Anthony Bourdain: Parts Unknown had its final season premiere at Tribeca TV Festival in New York over the weekend, seeing the show’s crew gather together to celebrate TV presenter, writer and chef Bourdain’s enormous legacy.

In an emotional promo clip, W. Kamau Bell, host of subculture doco United Shades of America, and Bourdain’s guest on safari in Kenya through the episode, tells Bourdain in an introspective moment how lucky he feels: “The idea that I’m sitting here with you, doing this now, knowing where my life and career have come… it’s pretty cool.

To which Bourdain replies: “As soon as the cameras turn off, the crew will be sitting around, we’ll be having a cocktail. I fucking pinch myself. I cannot fucking believe that I get to do this.

Bell explained the moment – made stark by Bourdain’s tragic passing in June this year – to Vanity Fair on the red carpet:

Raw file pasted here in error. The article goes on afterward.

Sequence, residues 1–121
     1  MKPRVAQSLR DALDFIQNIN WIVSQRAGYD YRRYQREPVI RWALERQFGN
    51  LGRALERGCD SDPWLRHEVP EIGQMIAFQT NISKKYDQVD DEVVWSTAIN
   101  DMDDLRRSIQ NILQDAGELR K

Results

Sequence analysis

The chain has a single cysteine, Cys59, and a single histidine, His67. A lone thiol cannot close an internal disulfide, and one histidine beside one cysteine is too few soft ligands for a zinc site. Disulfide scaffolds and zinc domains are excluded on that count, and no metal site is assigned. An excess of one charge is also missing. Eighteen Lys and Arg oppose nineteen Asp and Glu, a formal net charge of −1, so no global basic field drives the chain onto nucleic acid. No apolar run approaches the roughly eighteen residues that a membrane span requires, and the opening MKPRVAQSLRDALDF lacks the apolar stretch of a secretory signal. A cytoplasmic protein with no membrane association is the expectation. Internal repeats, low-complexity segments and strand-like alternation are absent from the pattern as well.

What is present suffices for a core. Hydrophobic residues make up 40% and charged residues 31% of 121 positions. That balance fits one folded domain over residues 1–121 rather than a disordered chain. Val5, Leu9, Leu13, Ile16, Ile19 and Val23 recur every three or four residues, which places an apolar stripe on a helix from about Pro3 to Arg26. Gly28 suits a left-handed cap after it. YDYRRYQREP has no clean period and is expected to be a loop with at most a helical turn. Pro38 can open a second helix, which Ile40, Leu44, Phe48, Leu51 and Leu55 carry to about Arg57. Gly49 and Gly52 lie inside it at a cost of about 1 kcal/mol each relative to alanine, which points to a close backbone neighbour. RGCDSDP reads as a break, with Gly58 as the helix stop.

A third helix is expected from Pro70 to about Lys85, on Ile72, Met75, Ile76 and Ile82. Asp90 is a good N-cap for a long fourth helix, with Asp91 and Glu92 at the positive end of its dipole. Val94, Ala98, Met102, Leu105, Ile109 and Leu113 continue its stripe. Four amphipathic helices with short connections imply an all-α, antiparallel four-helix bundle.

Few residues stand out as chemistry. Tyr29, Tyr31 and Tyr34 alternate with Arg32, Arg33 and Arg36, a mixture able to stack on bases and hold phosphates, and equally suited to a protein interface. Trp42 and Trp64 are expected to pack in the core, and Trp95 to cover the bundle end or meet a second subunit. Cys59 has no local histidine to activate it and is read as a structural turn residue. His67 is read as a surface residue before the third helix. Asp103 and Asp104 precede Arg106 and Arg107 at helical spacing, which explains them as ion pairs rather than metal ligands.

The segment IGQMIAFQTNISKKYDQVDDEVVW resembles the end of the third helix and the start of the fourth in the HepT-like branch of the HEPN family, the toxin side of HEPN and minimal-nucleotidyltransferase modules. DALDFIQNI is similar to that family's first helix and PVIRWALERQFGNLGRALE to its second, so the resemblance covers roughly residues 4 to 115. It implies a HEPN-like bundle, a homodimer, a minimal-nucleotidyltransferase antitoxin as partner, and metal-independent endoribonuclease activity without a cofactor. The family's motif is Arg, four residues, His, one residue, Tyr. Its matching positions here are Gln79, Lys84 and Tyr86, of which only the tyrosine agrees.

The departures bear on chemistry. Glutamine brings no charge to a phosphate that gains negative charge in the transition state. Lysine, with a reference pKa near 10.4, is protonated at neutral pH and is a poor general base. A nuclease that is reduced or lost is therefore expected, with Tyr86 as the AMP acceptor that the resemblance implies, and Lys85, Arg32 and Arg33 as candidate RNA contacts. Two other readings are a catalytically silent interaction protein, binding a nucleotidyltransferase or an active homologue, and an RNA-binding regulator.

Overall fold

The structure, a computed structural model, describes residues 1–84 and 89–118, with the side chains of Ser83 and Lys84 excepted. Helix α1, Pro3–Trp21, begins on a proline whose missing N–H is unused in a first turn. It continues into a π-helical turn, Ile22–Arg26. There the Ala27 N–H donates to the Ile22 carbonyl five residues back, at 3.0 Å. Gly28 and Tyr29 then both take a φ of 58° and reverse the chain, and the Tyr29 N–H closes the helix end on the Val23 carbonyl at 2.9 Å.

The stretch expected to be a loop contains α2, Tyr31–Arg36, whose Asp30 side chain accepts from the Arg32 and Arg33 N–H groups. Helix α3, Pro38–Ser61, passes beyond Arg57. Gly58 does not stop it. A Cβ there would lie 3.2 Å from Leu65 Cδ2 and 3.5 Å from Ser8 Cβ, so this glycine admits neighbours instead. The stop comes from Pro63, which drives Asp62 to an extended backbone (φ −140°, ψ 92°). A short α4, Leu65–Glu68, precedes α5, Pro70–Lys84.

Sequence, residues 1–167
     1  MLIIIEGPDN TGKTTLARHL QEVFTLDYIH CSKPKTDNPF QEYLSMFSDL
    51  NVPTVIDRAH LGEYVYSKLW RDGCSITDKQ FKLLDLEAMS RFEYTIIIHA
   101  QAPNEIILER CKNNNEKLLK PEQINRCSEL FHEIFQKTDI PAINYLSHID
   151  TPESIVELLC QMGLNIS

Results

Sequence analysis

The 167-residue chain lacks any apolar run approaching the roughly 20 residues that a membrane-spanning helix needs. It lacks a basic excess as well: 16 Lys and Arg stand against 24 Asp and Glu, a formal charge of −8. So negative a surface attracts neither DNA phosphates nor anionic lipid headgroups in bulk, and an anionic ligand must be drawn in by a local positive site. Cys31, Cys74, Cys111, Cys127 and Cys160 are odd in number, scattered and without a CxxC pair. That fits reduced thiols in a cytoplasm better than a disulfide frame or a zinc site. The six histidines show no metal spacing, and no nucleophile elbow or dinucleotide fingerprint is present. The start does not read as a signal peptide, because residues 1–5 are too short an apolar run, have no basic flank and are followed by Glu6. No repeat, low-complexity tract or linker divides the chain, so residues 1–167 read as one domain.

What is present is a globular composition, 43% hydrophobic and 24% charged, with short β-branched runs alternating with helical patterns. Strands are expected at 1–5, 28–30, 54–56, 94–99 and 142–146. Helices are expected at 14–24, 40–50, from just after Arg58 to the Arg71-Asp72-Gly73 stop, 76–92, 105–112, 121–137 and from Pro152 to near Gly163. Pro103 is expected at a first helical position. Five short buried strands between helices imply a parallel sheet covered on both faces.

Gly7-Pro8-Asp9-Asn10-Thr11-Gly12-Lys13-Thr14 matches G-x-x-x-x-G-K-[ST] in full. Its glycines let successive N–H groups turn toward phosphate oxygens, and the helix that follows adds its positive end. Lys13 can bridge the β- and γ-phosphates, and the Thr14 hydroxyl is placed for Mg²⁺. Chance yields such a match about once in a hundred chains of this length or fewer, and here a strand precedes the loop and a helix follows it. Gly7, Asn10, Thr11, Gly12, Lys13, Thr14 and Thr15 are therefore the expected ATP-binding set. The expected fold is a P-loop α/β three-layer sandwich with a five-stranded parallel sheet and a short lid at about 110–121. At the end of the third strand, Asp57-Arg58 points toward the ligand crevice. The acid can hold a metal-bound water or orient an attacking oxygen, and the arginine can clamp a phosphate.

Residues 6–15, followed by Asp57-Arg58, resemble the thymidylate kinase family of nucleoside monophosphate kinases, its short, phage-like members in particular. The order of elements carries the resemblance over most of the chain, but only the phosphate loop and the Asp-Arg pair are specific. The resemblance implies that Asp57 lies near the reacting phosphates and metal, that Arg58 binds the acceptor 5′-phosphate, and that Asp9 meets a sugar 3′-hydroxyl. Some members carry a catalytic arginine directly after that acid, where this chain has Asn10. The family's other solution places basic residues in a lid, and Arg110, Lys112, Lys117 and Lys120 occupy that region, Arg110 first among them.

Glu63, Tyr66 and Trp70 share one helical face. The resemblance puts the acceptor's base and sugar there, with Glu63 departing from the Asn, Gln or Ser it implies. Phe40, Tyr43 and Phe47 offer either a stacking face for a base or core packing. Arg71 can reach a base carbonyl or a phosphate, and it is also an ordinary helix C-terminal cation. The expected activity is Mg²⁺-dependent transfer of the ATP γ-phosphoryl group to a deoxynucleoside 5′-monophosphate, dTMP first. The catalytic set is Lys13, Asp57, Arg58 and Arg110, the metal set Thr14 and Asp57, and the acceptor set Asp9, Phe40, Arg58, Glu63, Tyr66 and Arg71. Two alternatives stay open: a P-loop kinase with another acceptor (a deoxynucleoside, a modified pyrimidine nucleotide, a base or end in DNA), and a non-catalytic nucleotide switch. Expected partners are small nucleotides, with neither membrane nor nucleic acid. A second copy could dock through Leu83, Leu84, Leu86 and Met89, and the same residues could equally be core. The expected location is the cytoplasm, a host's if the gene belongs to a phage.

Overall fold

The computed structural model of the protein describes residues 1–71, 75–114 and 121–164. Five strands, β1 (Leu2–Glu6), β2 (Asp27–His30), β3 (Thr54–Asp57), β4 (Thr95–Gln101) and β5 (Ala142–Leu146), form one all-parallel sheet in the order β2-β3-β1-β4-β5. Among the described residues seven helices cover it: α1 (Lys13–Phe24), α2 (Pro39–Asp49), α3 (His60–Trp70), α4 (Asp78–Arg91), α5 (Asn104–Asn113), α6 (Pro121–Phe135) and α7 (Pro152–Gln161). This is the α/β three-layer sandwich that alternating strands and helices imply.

For me, that moment is probably worth everything. That moment with Tony [and] being able to take him back to the guy I was, on the couch watching him and being blown away—and now I’m sitting here? I didn’t know it happened on camera, so I’m really blessed that it did. And I’m really blessed that [director Morgan Fallon] and the crew left it in there, because especially now that he’s gone, I think that’s the kind of thing that a lot of people wanted to say to him.

Director Fallon described the moment to the publication as “really powerful“.

That was a really powerful moment. The crew was kind of shifting equipment, and we were resetting our cameras; that was completely off-the-cuff. That was not something that was necessarily in the context of the scene. I think it was important to show that and remind people that this is something that Tony always felt, day to day, every day: a tremendous sense of gratitude towards the world for embracing him, [and] towards the people who supported him creatively. He never forgot that.

W. Kamau Bell is currently live-tweeting the TV premiere of the episode on CNN.

And the bittersweet season premiere is both reminding the internet of the brilliance of Bourdain’s work, and forcing many to mourn his loss all over again:

Source: Vanity Fair
Image: Getty Images / Paul Bruinooge